Loop-mediated fluorescent probes for selective discrimination of parallel and antiparallel G-Quadruplexes

Anup Pandith, Upendra Nagarajachari, Ravi Kumara Guralamatta Siddappa, Sungjin Lee, Chin Ju Park, Krishnaveni Sannathammegowda, Young Jun Seo

Research output: Contribution to journalArticlepeer-review

5 Citations (Scopus)


Herein we report simple pyridinium (1–3) and quinolinium (4) salts for the selective recognition of G-quadruplexes (G4s). Among them, the probe 1, interestingly, selectively discriminated parallel (c-KIT-1, c-KIT-2, c-MYC) G4s from anti-parallel/hybrid (22AG, HRAS-1, BOM-17, TBA) G4s at pH 7.2, through a switch on response in the far-red window. Significant changes in the absorption (broad 575 nm → sharp 505 nm) and emission of probe 1 at 620 nm, attributed to selective interaction with parallel G4s, resulted in complete disaggregation-induced monomer emission. Symmetrical push/pull molecular confinements across the styryl units in probe 1 enhanced the intramolecular charge transfer (ICT) by restricting the free rotation of C[dbnd]C units in the presence of sterically less hindered and highly accessible G4 surface/bottom tetrads in the parallel G4s, which is relatively lower extent in antiparallel/hybrid G4s. We confirm that the disaggregation of probe 1 was very effective in the presence of parallel G4–forming ODNs, due to the presence of highly available free surface area, resulting in additional π-stacking interactions. The selective sensing capabilities of probe 1 were analyzed using UV–Vis spectroscopy, fluorescence spectroscopy, molecular dynamics (MD)–based simulation studies, and 1H NMR spectroscopy. This study should afford insights for the future design of selective compounds targeting parallel G4s.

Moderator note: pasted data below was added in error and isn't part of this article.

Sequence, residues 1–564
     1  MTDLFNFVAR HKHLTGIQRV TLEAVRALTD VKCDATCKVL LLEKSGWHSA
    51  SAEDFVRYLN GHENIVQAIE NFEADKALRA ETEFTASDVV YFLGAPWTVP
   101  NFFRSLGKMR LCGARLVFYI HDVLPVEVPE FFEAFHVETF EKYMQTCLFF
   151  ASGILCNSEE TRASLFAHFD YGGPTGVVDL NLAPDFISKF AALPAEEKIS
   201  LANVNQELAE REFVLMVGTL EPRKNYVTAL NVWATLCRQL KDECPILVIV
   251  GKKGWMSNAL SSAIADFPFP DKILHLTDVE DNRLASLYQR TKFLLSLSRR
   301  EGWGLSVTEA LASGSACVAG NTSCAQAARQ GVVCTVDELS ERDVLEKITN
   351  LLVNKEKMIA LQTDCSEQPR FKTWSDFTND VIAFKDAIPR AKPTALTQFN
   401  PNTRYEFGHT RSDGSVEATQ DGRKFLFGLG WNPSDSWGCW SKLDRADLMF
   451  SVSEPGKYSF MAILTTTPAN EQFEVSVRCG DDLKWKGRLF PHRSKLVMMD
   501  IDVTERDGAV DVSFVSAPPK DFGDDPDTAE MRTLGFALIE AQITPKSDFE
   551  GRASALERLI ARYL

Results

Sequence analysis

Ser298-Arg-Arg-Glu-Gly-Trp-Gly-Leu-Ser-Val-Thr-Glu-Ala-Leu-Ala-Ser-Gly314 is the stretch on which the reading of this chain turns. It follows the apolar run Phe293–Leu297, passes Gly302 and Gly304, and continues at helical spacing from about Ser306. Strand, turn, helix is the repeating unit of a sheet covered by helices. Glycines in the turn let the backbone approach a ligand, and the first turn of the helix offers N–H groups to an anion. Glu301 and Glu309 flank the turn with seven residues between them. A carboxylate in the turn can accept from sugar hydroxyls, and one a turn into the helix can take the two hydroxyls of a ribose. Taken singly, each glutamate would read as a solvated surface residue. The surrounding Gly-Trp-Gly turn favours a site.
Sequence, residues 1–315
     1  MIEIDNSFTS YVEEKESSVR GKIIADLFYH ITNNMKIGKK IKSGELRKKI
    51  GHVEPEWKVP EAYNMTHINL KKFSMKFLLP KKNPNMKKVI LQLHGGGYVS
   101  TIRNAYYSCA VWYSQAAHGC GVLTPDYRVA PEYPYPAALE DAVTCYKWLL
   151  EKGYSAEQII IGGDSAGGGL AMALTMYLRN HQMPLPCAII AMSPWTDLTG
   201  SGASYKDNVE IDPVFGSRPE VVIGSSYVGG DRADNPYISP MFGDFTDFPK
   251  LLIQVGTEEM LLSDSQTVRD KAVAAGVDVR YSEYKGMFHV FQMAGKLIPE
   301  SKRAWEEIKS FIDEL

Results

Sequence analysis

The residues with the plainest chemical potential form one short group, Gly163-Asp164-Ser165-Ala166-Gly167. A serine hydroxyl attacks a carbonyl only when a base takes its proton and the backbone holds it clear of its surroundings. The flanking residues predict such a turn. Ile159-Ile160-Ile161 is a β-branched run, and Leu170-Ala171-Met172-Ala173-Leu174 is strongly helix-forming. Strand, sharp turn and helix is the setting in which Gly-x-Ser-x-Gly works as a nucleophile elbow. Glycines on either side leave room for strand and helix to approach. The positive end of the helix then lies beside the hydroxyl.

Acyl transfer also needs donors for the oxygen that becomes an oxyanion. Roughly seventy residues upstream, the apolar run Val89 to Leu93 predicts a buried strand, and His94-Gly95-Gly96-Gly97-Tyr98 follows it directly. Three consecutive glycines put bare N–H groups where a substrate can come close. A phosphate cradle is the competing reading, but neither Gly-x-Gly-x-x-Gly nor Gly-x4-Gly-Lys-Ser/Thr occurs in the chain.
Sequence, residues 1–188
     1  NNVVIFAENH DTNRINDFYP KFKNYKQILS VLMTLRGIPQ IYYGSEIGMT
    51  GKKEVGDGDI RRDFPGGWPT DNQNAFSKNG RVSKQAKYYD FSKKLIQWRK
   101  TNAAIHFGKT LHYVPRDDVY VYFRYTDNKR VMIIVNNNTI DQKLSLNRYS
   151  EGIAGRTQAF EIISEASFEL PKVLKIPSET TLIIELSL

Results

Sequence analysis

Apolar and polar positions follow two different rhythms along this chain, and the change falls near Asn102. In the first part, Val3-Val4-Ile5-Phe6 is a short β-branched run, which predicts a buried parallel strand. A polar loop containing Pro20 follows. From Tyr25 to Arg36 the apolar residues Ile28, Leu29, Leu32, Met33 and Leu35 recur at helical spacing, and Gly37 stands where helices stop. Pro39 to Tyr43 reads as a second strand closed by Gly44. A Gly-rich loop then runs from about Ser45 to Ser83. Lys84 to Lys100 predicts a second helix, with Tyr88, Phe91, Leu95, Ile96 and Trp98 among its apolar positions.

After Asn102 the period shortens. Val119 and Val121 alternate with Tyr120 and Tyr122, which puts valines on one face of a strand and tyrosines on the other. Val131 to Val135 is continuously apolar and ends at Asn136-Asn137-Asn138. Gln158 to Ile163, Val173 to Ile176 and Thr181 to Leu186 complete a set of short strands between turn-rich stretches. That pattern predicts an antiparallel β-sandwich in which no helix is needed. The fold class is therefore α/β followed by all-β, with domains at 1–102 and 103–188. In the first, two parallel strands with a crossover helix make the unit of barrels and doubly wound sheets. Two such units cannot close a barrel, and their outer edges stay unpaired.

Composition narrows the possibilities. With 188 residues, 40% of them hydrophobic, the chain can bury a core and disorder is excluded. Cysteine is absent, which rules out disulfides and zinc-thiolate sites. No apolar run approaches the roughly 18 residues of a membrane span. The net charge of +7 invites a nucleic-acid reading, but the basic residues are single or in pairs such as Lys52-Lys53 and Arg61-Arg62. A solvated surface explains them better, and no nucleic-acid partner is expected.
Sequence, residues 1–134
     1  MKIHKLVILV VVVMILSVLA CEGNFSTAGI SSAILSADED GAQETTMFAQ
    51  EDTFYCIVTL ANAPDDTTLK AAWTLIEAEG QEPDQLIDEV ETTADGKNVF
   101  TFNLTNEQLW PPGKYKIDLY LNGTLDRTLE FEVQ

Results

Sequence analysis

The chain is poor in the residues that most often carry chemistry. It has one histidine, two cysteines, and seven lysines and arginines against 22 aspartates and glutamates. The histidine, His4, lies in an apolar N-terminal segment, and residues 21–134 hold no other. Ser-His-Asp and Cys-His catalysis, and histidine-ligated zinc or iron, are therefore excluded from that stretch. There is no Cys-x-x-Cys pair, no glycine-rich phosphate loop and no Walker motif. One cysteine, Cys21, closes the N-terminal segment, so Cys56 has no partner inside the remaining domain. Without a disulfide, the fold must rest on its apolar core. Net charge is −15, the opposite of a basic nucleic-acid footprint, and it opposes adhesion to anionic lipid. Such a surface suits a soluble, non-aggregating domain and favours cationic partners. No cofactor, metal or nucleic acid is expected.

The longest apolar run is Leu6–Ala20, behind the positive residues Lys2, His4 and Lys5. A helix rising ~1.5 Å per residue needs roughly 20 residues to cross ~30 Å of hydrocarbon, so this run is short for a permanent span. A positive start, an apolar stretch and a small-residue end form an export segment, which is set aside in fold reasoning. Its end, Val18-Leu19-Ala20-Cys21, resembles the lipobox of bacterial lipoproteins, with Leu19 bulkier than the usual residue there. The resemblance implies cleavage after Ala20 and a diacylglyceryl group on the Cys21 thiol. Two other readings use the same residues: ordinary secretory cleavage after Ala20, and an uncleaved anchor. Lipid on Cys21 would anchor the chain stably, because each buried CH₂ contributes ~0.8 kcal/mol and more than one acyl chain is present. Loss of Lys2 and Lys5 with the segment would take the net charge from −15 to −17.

Original languageEnglish
Article number116077
JournalBioorganic and Medicinal Chemistry
Publication statusPublished - Apr 2021
Externally publishedYes


  • Disaggregation
  • G-Quadruplexes
  • Intramolecular charge transfer
  • Molecular confinements
  • Molecular dynamics

ASJC Scopus subject areas

  • Biochemistry
  • Molecular Medicine
  • Molecular Biology
  • Pharmaceutical Science
  • Drug Discovery
  • Clinical Biochemistry
  • Organic Chemistry


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